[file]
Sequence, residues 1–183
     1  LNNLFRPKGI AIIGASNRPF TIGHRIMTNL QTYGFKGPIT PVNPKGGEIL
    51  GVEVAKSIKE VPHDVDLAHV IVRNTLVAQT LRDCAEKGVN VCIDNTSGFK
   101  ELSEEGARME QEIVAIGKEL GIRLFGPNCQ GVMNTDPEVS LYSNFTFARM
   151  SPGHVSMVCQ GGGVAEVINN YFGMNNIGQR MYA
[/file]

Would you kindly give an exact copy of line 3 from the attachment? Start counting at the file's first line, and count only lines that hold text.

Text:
    51  GVEVAKSIKE VPHDVDLAHV IVRNTLVAQT LRDCAEKGVN VCIDNTSGFK